Quote of the Month

When love and skill work together, expect a miracle. John Ruskin




Tuesday, May 30, 2017

In The Darkening Wood

If you stand perfectly still and wait, wonder comes to you.  As the day ends, twilight descends.  Soon the only light comes from the stars or the moon depending on the date.  A world populated by nocturnal creatures begins to stir.

They call to those in their family and other residents of the forest.  You step into this nighttime realm when reading All ears, all eyes (A Caitlyn Dlouhy Book, Atheneum Books for Young Readers, an imprint of Simon & Schuster Children's Publishing Division, March 7, 2017) written by Richard Jackson with illustrations by Katherine Tillotson.  The haunting beauty of their words and pictures linger enveloping you.

What sails?
What flies?
Those...these
Down low
nearby
far off...
up high
Who listens?
Who looks?
Who hears?
Who sees? 

These lyrical lines lead us into the woods.  An owl calls and notices two raccoons playing and feasting.  Nearby a prickly porcupine quietly moves as a bat soars above a deer.  If you listen closely, you can hear them.  If you look with careful eyes, you can see them.

Wings rubbing send out chirping.  (Wise listeners can tell the temperature from these sounds.)  Who is barking?  Who is harking?  Fireflies signal on and off, calling out for companionship.

Eyes adjusting to the dark, searching for woodland critters find some and miss others.  The owl continues to hoot.  What messages are being sent?  A lone tree frog replies with a familiar song.

The wind of the day calms but then starts again, pushing branches and leaves with unseen fingers.  All forest life is wide awake alternately moving and still, quiet and loud.  Good night.


Not silent but comforting are the words written by Richard Jackson.  We explore with eyes wide open and ears tuned to the music only heard at night.  Words rhyme.  Lines are brimming with alliteration and onomatopoeia.  As the animals go about their activities and communicate they remind us to rest easy.  Here is another passage.

What scoots
between roots?
All ears
a bat flies,
wings whirring

as light falls
and night rises.


Looking at the fox running through the deep forest falling into darkness under the watchful eyes of the owl and framed in the text is like an open doorway into this book.  The design choices are superb as are the selected hues.  To the left, on the back, of the matching dust jacket and book case is a large portion of white, a place for interior text.  Above it is a portion of the woods.  On the opening endpapers, in the same crisp white, a scattering of leaves drift from the upper left-hand corner to the lower portion of the right side.  Fewer leaves lift upward on a background of darkness and shining stars on the closing endpapers.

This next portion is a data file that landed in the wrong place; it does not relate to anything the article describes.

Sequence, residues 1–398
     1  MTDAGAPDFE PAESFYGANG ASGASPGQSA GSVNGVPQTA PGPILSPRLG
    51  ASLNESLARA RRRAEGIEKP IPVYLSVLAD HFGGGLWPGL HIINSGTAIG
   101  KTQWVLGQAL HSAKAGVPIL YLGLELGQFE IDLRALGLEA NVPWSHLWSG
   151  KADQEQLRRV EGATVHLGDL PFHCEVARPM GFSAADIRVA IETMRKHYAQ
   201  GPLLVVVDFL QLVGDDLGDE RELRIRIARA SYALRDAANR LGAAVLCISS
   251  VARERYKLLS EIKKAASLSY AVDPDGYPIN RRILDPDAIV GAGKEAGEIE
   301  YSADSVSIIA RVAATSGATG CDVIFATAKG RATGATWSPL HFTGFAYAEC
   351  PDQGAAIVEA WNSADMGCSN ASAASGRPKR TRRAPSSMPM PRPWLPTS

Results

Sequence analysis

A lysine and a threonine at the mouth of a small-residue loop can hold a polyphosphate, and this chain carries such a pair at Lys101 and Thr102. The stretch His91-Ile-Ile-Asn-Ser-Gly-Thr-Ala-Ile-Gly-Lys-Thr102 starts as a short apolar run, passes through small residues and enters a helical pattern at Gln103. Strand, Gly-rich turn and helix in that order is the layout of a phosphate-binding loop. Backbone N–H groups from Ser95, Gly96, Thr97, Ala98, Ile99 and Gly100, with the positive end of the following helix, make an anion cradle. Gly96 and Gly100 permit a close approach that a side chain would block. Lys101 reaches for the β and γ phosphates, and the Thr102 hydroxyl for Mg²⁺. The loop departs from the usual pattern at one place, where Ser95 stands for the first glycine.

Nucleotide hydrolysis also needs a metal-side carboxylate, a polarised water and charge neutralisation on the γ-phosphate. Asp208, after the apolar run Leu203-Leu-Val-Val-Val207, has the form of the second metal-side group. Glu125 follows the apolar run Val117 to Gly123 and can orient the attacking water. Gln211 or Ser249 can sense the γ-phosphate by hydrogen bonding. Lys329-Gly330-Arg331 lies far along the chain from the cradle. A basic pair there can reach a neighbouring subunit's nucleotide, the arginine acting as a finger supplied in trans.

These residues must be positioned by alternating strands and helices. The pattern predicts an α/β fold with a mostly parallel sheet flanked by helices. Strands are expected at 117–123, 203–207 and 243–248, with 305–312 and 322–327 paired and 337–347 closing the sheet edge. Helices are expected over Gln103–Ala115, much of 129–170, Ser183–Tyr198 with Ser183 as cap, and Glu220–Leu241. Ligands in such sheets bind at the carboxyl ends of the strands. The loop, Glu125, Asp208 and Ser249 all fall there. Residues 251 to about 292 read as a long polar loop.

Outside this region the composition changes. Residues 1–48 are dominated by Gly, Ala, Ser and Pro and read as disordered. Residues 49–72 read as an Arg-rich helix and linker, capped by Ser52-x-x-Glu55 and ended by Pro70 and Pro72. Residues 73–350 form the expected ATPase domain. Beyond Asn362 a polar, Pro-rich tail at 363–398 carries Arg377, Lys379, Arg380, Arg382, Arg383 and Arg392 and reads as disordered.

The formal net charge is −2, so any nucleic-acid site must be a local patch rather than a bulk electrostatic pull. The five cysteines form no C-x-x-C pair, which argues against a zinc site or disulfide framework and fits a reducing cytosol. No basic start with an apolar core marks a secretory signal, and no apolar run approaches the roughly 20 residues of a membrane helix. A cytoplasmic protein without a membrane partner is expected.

The introductory lines prior to the title, verso and dedication pages appear on a continuation of white with leaves and several birds in flight.  They are the remnants of day as the sun sets.  On the title page we step back with a more panoramic view of the woods before the verso and dedication pages which follow.

The illustrations rendered using a combination of watercolor and digital techniques by Katherine Tillotson all span two pages in breathtaking splendor.  They flow taking our eyes from left to right.  Leaves either frame or take center stage in all of them, further connecting each image to the next one.  The color combinations, greens, blues and purples, deep golden yellow and orange with purple and brown, an array of greens, pinks, blues and purples and more are gorgeous.  The method of layering asks us to pause after each page turn to savor the words and pictures.

One of my favorite of all the images features a canopy of leaves across the top in purples, blues and greens, some of them drifting down the right side.  Several tree trunks are highlighted in the foreground.  An owl is perched on a branch on the left.  A bat floats overhead as the fox continues to run.  A mouse sits quietly on a branch on the right side.  And nestled on the forest floor is a design close to my heart.  Can you see it?  I wonder if there are others.


Peace will settle over your soul as you read All ears, all eyes written by Richard Jackson with illustrations by Katherine Tillotson.  It takes us gently by the hand through the forest blanketed with the night.  I highly recommend this for your professional and personal bookshelves.  Read it aloud whenever you can with love; for surely this is how the words were penned and the artwork created.

To discover more about Katherine Tillotson and her other work please visit her website by following the link attached to her name. At the publisher's website you can view interior images.  This is one of the titles showcased by author, reviewer and blogger Julie Danielson at Seven Impossible Things Before Breakfast.  Deborah Kalb interviews Katherine Tillotson on her blog and Katherine Tillotson appears on Kathy Temean: Writing and Illustrating.   Bookology has an interview with Richard Jackson.

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